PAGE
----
Sept. 24 (Bloomberg) -- Nairobians got back to work, donated blood and gave money to charity amid insecurity in the Kenyan capital as a siege by Somalia-based Islamist militants of an upscale mall in the city entered a fourth day.
The East African nation’s police said they’re close to ending the standoff with al-Shabaab gunmen at the Westgate Mall that began Sept. 21 and left at least 62 people dead. An unknown number of people were taken hostage. The attack fulfills a threat by the al-Qaeda-linked militia to retaliate for Kenya’s deployment of troops two years ago in neighboring Somalia, where al-Shabaab has been fighting to create an Islamic state.
“I know we are not safe, but life has to continue,” said Hamdani Mbugua, a 32-year-old taxi driver who witnessed the beginning of the attack at the mall after he dropped off a client. “It is wrong for those terrorists to kill innocent people. I think the government should continue fighting them in Somalia and anywhere they are.”
Traffic jams were back to their usual volume as businesses reopened and workers returned to their jobs today after many stayed away yesterday. There was a visible increase in the number of police officers and army soldiers patrolling the streets and helicopters circled overhead.
Kenya deployed troops in Somalia in October 2011 to fight al-Shabaab after blaming the militants for a series of kidnappings and the murder of a British tourist in Kenya. Al- Shabaab, which has been battling Somalia’s government since at least 2006, denied the accusations.
“These guys may hit another place,” said Moses Githinji, a student who was shopping at an adjacent complex when the gunmen struck. “I think the government should concentrate on our security here, instead of going to fight in Somalia.”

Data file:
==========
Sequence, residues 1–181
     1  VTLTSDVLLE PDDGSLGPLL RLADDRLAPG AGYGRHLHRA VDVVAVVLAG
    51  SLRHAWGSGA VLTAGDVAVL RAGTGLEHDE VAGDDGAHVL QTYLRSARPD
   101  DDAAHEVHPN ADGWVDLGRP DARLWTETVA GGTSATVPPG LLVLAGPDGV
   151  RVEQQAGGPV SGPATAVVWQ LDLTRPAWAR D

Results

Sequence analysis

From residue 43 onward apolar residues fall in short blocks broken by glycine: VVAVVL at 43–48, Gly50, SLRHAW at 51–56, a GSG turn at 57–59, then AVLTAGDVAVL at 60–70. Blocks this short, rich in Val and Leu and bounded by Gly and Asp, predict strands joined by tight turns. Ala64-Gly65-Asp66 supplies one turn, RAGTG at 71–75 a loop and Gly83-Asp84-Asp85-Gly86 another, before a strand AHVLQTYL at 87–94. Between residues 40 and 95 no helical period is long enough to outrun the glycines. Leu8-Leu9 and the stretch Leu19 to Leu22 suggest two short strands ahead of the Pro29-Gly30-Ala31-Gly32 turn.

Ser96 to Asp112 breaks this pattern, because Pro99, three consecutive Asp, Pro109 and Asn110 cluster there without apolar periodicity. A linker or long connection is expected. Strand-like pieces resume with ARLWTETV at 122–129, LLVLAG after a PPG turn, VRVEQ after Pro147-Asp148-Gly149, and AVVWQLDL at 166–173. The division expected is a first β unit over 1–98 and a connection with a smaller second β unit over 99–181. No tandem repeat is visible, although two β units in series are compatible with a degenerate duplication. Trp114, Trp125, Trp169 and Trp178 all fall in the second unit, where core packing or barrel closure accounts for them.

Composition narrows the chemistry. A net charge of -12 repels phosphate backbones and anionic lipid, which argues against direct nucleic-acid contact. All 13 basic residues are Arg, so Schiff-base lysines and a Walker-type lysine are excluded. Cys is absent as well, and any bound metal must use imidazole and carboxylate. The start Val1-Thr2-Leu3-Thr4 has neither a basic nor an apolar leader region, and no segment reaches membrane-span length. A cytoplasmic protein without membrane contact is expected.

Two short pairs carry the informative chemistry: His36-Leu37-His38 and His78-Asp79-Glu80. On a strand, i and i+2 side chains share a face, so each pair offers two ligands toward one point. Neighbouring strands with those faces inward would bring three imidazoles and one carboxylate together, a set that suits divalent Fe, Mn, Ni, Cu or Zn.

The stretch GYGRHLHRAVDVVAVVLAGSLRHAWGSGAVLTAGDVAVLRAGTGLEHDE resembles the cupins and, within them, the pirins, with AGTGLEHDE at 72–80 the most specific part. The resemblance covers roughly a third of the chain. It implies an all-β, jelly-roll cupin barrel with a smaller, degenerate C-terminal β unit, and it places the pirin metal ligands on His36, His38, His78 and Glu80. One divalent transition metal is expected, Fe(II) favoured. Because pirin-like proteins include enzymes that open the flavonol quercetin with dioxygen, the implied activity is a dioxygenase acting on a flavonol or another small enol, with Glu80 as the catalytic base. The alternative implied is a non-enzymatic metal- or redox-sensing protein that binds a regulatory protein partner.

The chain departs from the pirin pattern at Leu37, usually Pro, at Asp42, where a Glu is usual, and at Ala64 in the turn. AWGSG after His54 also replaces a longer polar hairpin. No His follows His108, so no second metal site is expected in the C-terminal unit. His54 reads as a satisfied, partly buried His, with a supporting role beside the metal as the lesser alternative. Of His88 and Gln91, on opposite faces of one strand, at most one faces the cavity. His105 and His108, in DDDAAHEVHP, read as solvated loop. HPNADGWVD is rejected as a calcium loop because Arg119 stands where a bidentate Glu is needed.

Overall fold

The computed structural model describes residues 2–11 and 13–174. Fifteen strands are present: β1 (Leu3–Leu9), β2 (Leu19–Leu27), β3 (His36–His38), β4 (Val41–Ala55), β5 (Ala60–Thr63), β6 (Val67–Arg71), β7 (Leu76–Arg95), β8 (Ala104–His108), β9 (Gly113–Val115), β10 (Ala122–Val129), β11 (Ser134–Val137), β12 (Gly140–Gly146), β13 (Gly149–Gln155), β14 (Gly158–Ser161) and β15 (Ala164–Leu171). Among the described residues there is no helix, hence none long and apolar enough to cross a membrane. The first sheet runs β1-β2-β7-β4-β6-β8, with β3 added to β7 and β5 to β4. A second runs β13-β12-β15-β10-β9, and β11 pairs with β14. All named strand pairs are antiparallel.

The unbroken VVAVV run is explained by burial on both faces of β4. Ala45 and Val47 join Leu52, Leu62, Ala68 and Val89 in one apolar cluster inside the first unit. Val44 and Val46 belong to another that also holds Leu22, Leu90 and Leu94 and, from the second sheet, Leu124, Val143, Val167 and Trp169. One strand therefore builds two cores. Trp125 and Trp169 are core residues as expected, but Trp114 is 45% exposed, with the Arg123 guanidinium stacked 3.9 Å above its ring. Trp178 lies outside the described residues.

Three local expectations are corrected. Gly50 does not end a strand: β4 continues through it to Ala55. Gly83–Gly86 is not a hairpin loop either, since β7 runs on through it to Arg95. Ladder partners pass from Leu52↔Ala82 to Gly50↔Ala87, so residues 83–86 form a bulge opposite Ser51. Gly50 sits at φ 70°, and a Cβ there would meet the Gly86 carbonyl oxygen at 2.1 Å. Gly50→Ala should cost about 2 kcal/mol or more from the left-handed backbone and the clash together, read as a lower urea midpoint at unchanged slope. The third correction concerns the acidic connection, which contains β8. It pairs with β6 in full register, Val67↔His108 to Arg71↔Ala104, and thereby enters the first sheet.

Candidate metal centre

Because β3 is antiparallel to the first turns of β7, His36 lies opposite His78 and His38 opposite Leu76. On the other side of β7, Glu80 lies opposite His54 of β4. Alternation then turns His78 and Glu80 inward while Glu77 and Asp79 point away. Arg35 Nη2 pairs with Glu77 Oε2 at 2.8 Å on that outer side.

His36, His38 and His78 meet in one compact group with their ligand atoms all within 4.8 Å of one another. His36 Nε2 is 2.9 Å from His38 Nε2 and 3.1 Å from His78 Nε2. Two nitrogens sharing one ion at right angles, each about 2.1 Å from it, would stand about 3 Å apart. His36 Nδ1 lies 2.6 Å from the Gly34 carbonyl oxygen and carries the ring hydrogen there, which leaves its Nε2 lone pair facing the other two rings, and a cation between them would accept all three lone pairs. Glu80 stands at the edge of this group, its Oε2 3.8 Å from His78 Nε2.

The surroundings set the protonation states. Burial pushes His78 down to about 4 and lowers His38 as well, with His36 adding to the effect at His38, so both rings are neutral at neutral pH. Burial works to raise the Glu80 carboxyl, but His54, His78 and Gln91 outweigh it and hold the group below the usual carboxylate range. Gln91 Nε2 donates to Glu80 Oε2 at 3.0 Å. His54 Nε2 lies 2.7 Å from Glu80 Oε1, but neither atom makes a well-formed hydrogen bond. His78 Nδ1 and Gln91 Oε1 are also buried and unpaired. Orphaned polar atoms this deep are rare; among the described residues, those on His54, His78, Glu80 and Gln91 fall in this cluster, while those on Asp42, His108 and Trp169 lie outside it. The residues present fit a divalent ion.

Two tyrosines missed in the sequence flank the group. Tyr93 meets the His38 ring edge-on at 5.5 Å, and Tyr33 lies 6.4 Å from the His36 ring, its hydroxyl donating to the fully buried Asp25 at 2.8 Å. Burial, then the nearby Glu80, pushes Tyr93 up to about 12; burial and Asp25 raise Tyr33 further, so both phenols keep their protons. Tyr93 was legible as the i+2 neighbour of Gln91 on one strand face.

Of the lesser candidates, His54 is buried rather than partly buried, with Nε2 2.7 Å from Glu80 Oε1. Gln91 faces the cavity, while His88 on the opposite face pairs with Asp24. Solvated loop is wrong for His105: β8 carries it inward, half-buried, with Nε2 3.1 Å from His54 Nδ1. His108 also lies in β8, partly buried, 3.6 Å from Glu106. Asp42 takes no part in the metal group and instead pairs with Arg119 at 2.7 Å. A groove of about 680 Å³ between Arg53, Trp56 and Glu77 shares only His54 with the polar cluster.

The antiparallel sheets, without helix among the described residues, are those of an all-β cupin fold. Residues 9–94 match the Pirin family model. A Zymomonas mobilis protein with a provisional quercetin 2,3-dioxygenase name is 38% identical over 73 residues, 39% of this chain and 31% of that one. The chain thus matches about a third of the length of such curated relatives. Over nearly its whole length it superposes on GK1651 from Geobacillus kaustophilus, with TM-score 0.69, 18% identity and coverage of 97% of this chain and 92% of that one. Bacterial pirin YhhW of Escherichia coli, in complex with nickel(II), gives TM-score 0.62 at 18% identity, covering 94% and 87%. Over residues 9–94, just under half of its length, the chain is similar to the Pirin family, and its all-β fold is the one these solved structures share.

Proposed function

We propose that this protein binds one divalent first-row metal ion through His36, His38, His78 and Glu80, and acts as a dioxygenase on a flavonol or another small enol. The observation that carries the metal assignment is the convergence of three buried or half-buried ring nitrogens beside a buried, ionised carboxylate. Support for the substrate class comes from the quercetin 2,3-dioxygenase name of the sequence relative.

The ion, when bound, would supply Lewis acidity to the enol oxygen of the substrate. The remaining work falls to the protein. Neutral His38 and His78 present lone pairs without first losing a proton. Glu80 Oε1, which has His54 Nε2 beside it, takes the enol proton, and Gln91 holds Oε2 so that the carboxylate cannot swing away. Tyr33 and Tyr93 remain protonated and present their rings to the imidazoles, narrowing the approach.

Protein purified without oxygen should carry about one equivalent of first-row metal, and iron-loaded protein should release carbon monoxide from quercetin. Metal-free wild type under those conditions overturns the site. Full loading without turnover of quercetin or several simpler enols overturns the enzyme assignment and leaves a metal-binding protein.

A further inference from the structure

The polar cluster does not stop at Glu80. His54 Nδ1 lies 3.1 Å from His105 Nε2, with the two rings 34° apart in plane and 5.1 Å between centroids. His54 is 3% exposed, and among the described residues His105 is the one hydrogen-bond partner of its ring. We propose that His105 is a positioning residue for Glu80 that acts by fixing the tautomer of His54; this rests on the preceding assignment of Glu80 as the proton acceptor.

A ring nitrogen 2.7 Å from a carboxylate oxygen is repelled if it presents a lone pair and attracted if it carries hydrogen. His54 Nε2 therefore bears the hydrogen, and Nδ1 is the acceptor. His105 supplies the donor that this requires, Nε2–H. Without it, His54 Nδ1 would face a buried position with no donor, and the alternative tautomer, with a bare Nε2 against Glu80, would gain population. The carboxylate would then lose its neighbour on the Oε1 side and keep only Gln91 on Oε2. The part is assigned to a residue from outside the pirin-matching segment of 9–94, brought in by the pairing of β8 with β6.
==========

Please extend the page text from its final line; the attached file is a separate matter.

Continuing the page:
Shopping centers close to Westgate Mall remained closed today. Roads around the mall were still cordoned off, while some schools in the vicinity had been shut.
The mall is located in a wealthy suburb in western Nairobi where high-rise apartments and office blocks are being built. Casual construction workers including Tony Wandera, a resident of the Nairobi slum of Kibera, were turned away in their search for day jobs as police continued to battle the remaining gunmen still inside the mall.
“The boss has said no job today, we check tomorrow,” he said.
Residents of the city responded to the attack through acts of goodwill. Food, water and blankets were given to victims of the attack and rescue workers. At Uhuru Park on the edge of the central business district, hundreds of people queued to donate blood after an appeal by the Kenya Red Cross to help the more than 200 people wounded in the attack.
More than 3,400 units of blood have been given since the exercise began countrywide on Sept. 22, the Kenya Red Cross said on its website.
An appeal by Safaricom Ltd., East Africa’s biggest mobile- phone company, for people to donate funds to help pay the victims’ hospital bills raised 56.9 million shillings ($650,000) since the siege began, according to its Twitter feed.
In the city center, dozens of people who gather on the streets for daily discussions known as Bunge Ndongos, or small parliament, voiced concern about the threat posed by the militants.
“I am scared, even here on the street, let alone in a mall or social gathering,” Charles Sind, a 35-year-old businessman who works for a cleaning company, said in an interview. “I don’t know what the attackers are going to hit next. I now have to watch my movements and my family’s, so that we can feel a little safe.”
Residents also questioned the effectiveness of the government’s security apparatus after it failed to prevent the attack. As many as 15 gunmen of different nationalities, armed with hand grenades and machine guns, were involved in the assault, according to the Interior Ministry.
The security situation in the country has worsened since the election of Kenyan President Uhuru Kenyatta in March, according to 46 percent of 2,000 respondents in an Ipsos- Synovate Kenya surveyed conducted in June.
“I hope after this, we will have a serious national dialogue,” said Janson Oyugi, a water-policy expert based in Nairobi. “Our intelligence service focuses all its efforts on monitoring opposition politicians instead of ensuring security within the borders.”
--Editors: Paul Richardson, Sarah McGregor
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